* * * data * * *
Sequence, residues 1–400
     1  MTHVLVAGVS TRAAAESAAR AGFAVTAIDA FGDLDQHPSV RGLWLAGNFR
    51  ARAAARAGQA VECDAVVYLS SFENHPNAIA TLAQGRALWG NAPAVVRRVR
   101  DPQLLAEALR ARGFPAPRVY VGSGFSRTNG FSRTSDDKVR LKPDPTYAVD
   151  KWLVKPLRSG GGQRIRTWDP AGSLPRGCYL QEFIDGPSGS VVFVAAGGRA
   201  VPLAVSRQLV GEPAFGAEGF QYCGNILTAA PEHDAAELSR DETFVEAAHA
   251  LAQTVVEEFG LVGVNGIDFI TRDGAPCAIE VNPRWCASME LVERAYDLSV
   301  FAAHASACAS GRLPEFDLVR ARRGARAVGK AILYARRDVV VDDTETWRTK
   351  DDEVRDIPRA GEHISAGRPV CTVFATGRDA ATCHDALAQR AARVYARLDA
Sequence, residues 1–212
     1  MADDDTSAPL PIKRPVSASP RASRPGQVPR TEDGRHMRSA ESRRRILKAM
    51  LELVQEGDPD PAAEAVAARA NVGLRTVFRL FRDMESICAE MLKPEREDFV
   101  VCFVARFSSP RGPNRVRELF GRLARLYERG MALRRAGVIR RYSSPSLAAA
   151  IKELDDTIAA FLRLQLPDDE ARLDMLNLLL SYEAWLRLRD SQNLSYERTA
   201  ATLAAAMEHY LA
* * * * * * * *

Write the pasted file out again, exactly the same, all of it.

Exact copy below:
Sequence, residues 1–400
     1  MTHVLVAGVS TRAAAESAAR AGFAVTAIDA FGDLDQHPSV RGLWLAGNFR
    51  ARAAARAGQA VECDAVVYLS SFENHPNAIA TLAQGRALWG NAPAVVRRVR
   101  DPQLLAEALR ARGFPAPRVY VGSGFSRTNG FSRTSDDKVR LKPDPTYAVD
   151  KWLVKPLRSG GGQRIRTWDP AGSLPRGCYL QEFIDGPSGS VVFVAAGGRA
   201  VPLAVSRQLV GEPAFGAEGF QYCGNILTAA PEHDAAELSR DETFVEAAHA
   251  LAQTVVEEFG LVGVNGIDFI TRDGAPCAIE VNPRWCASME LVERAYDLSV
   301  FAAHASACAS GRLPEFDLVR ARRGARAVGK AILYARRDVV VDDTETWRTK
   351  DDEVRDIPRA GEHISAGRPV CTVFATGRDA ATCHDALAQR AARVYARLDA
Sequence, residues 1–212
     1  MADDDTSAPL PIKRPVSASP RASRPGQVPR TEDGRHMRSA ESRRRILKAM
    51  LELVQEGDPD PAAEAVAARA NVGLRTVFRL FRDMESICAE MLKPEREDFV
   101  VCFVARFSSP RGPNRVRELF GRLARLYERG MALRRAGVIR RYSSPSLAAA
   151  IKELDDTIAA FLRLQLPDDE ARLDMLNLLL SYEAWLRLRD SQNLSYERTA
   201  ATLAAAMEHY LA